Eat Well - Medical Advisory Board

What It Takes To Be An Ironman: Part II

Published: September 20th, 2013
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Part II: Physical Preparation, Nutrition and Finding Balance

Being motivated and having a healthy mental and spiritual approach to training simply isn’t enough to be an Ironman. Training for and actually completing the race is one of the most incredibly demanding physical challenges in the world. For me, it takes a minimum of 6-8 months of preparation, starting slowly to build a base of 5-7 hours per week of swimming, biking and running. By August and September, the workouts range from 16-22 hours per week and include an average of

  • 5-7 miles of swimming
  • 170-250 miles of biking
  • 20-40 miles per week of running/jogging/walking



When I began running around that high school track many years ago, I intuitively knew the fuel I was using for my body – fast food burgers, fries, soft drinks, etc. – was like putting bad oil into an engine. I quickly realized that to maintain and accelerate in a physical fitness program, I needed proper fuel and supplements. I essentially “discovered” the Mediterranean diet, which is high in fresh vegetables, fruits, beans, high-quality protein, avocados and healthy fats and good carbohydrates.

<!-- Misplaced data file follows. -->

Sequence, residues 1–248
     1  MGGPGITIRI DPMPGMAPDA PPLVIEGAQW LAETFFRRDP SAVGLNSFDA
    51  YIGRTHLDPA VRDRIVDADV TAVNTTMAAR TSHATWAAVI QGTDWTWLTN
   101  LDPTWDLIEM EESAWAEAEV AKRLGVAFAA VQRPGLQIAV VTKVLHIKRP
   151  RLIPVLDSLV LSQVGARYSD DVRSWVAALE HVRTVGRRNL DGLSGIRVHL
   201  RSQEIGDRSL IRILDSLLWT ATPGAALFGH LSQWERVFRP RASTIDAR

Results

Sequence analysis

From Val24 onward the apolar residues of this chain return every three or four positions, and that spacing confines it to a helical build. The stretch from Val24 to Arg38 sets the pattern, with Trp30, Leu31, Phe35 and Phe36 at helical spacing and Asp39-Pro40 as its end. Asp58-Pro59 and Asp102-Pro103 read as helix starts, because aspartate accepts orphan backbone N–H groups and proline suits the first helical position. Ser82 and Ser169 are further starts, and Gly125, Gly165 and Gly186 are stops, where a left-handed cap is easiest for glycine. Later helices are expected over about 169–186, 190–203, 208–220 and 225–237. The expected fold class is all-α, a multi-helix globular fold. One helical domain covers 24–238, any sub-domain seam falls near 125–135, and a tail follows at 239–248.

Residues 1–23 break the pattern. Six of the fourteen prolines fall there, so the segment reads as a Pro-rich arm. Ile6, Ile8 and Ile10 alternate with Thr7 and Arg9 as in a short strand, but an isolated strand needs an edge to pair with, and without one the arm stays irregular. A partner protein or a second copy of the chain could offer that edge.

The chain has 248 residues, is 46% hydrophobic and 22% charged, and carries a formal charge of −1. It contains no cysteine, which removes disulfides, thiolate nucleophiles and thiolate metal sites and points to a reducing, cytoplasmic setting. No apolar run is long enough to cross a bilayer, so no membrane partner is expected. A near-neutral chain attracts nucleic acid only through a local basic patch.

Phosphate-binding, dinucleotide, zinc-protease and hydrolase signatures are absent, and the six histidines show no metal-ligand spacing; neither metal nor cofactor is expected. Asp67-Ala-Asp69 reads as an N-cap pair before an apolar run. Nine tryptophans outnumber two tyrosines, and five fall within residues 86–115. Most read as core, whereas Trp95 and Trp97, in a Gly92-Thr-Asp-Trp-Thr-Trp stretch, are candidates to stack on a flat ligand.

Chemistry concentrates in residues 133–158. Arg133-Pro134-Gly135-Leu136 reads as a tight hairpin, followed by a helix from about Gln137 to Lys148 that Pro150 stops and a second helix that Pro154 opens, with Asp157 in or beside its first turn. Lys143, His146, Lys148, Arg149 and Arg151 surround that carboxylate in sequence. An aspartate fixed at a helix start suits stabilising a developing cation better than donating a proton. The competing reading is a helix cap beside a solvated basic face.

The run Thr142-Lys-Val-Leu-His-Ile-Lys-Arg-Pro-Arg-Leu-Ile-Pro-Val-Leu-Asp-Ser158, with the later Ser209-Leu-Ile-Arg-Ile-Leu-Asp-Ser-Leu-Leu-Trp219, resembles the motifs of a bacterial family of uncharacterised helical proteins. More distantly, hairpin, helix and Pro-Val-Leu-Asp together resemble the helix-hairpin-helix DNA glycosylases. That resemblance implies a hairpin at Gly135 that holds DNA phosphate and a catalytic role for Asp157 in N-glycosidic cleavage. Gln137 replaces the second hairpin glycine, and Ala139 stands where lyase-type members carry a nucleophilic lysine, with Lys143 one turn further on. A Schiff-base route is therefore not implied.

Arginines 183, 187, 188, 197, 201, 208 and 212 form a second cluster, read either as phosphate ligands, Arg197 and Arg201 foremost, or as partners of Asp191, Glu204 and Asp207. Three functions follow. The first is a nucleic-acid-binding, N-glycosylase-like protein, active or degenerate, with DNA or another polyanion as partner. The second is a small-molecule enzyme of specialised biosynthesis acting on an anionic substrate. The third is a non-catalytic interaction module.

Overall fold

In addition, I learned that magnesium is frequently depleted with intense exercising and required additional supplementation. Vitamin D3, CoQ10, L-carnitine and N-acetylcisteine are all anti-oxidants for added mitochondrial support. D-ribose and creatine do the same. Protein supplementation with a high-quality whey protein, along with fish oil and resveratrol as natural anti-inflammatories, are also helpful. Proper hydration and calories, particularly as the work outs get longer, must be calculated. The grueling length and harsh conditions of an Ironman triathlon cannot be performed without attention to these details.

Finding Balance

For me, the most challenging aspect of Ironman training has been balancing sport with life.  Maintaining a strenuous training schedule, while finding time for work, family, and friends was never easy. However, I am never more efficient, defter in my hand-eye coordination, or mentally sharper than when I am training for such an event. What is the physiological explanation for this?  Simply stated, physical exercise is the strongest stimulus for the release of BDNF – brain derived neurotropic factor. This substance increases brain plasticity and the formation of new brain cells, both of which increase our memory, efficiency and learning. As long as we maintain a degree of insight into “touching” the family, social and spiritual sides of our lives, we know the work and the physical activity will take care of themselves.

Stretching our mind and our body to its limits – in any endeavor – does indeed provide the most fulfilling moments of our lives. I am triply blessed to experience this in neurosurgery, in triathlons, and with my family.

Read more of Dr. Maroon’s reflections on What it Takes to be an Ironman in Part I: The Mental and Spiritual Approach to Training.

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